The increase in numbers of audio and video-philes could take an enormous leap from such a device/entire new industry. And a huge amount of fuel and pollution would be saved from not having to ship much more massive equipment all over the planet. Not to mention all the energy that would be saved from just powering headphones instead of a 5.1/6.1/7.1/etc system. And of course make it compatible with game systems, to further increase cost reductions from economy of scale. Why not tie it in with education abilities, and we could get rid of a lot of the costs of education and do it in a way that would excite young learners and do it more efficiently.
Written by Jim M , June 17, 2011
JC- What if you can not stand wearing cans? How can your family enjoy a movie together if you all have to wear headgear?
Oh...I get it...you are being "cheeky". ;)
Saving some dough
Written by Jason C , June 18, 2011
If you have an average teenager today, they are already wearing headgear anyway; phone/music device headphones, etc. If you have an older listener whose hearing is below-par, they could be wearing headphones/hearing aid already to help hear without blasting the others.
There are lots of open-back phones so one can talk with others if that is what one wants to do during the movie (I don't). And if one doesn't like phones, go ahead and spend the multiple thousands or tens of thousands that the headphones would replicate, along with the space they would take up (or cost to install in-wall), the extra cost to the environment in materials/shipping, and the extra electricity used.
The author appears to be approaching the subject comprehensively, and I want the market for surround music to be greatly enlarged, so making the entry fee as small as possible will hopefully accomplish that. Now, if they could only get laser front-projection ready for the consumer, at 4K resolution.
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Smyth Realiser for Virtual Surround on headphones
Written by David Rich , June 19, 2011
Thanks for your comments.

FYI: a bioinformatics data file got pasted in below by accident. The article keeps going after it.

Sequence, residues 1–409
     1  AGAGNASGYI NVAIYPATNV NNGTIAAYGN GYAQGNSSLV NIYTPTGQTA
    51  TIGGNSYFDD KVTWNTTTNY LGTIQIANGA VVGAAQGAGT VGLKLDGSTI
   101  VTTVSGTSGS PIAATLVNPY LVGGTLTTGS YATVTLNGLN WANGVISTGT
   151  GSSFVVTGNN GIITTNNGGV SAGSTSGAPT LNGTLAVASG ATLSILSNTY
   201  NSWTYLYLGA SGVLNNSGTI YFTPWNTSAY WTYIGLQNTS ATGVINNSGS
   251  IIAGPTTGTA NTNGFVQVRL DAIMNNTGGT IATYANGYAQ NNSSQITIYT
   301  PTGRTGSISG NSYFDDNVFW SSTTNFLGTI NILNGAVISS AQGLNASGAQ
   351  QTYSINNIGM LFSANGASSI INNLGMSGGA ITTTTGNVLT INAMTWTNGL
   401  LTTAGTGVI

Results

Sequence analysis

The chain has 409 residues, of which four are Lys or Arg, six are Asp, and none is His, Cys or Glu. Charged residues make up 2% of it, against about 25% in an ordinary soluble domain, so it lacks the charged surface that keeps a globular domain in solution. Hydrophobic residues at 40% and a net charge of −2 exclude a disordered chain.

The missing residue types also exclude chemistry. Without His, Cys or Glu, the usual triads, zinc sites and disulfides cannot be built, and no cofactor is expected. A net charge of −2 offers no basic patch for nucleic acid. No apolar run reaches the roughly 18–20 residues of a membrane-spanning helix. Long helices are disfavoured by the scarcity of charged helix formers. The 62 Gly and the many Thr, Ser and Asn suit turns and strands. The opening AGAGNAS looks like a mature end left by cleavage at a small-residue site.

I evaluated the Smyth Research headphone at CEDIA 2010. It appeared to do a good job of simulating the sound of the room but, under show conditions, it's tough to be definite. Customization of the signal to the headphones, via digital signal processing, to the characteristics of the user's ears is innovative. The quality of standard Binaural systems have been restricted by match of the shapes to the dummy head and ears. The details of the calibration are on the Smyth Research website. It will be interesting to see if the company can bring the price down to a level for it to sell in volume.
Its about bloody time
Written by AllanG , June 24, 2011
For the last year or so. It has been my contention that all music going forward should be released and re-released on Blu-Ray disc. We have the ability to put out one disc with 196/96 and stereo. One of the reasons I recently purchase a Sony S560. Only to learn six weeks later it clips whiter than white. Going to Oppos BDP-93. Buy one player BOOM. All format wars over. At least until someone clever comes up with some thing better.
By the way I am addicted to Blu-ray movies...help Not really....lol For all reviewers when reviewing music on Blu-ray. Please state if it is studio (i.e no video) or concert(i.e video included)
Wave of the future?
Written by Howard Ferstler , June 27, 2011
Excellent introduction to the topic. I have found that some home-based surround synthesizers can do a pretty good job with standard two-channel CDs, at least if what one is after is hall ambiance pulled further out into the room. A good center-steering function also can help stabilize the normal phantom-center soundstage.